Ilya Kovalchuk soon could be a free man again.
Free, as in an unrestricted free agent, should an independent arbitrator rule in the National Hockey League's favour after it rejected the 17-year contract Kovalchuk signed with the New Jersey Devils on July 19.
Richard Bloch, a 67-year-old New Jersey native who is said to have served as an arbitrator and mediator in cases involving the NHL, Major League Baseball and the National Football League, will rule on the Kovalchuk hearing, which began last week.
A decision is expected sometime Monday.
Should the arbitrator side with Kovalchuk and the NHL Players' Association, which filed a grievance July 30 that disputes the league's rejection, the NHL must immediately approve the contract.
The league contends the deal, which would pay the 27-year-old Russian $102 million US, circumvents the league's collective bargaining agreement. If the arbitrator rules that way, Kovalchuk would be deemed a UFA.
The deal in question would pay Kovalchuk $95 million in the first 10 years of the contract and $7 million in the last seven seasons, including the NHL minimum $550,000 over the final five years for a salary cap-friendly hit of $6 million annually.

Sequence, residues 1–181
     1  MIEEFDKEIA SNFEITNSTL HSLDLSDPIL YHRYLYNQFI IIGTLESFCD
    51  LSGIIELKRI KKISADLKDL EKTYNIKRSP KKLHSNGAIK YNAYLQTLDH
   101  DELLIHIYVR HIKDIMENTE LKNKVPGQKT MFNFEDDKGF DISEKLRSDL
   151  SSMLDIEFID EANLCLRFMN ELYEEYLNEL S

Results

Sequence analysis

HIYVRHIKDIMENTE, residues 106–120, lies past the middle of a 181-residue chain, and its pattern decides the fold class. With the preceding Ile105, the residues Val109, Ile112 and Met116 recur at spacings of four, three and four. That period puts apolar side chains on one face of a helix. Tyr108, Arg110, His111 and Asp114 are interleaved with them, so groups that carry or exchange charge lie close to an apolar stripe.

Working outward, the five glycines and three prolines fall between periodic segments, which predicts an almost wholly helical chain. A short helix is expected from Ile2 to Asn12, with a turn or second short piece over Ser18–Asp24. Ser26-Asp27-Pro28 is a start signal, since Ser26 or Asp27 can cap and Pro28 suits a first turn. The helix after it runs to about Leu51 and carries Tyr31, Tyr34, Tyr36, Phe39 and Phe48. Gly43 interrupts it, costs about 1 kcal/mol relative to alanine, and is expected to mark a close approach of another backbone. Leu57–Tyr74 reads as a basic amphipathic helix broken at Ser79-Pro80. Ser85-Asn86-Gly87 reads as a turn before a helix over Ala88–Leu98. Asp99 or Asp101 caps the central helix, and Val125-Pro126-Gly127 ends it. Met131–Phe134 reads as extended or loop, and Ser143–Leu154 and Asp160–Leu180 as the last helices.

He would be 44 when the deal is set to expire.
The Russian star made $7.5 million US last season and spurned a pair of offers from Atlanta — a seven-year deal worth $70 million US and a $101-million pact over 12 seasons — hoping to land a long-term contract worth $11 million annually.
Kovalchuk's deal with the Devils put to rest rumours the left-winger would sign with the Los Angeles Kings or with the Continental Hockey League (KHL) in his native Russia.
The Kings, who reportedly made several attempts to sign Kovalchuk once he hit the open market on July 1, could get another chance.
Kovalchuk's agent, Jay Grossman, refused to say his client decided to stay in New Jersey because he felt the Devils had a better chance to win the Stanley Cup.
Kovalchuk scored 41 goals and 85 points last season, split between the Atlanta Thrashers and New Jersey.
Devils general manager Lou Lamoriello acquired the flashy forward on Feb. 4 along with defenceman Anssi Salmela for blue-liner Johnny Oduya, forward Niclas Bergfors, junior prospect Patrice Cormier and a first-round draft pick.
Kovalchuk scored 10 goals and 27 points in 27 regular-season games for New Jersey, but couldn't help the team out of the first round of the playoffs, finishing with six points in five contests against Philadelphia. He has only been to the playoffs twice, winning only one game.
A perennial all-star and two-time 50-goal scorer, Kovalchuk has scored 40 or more goals in each of the last six seasons.
In eight NHL campaigns, the 2001 first overall pick has scored 338 career goals, including 117 on the power play, and 642 points in 621 regular-season games.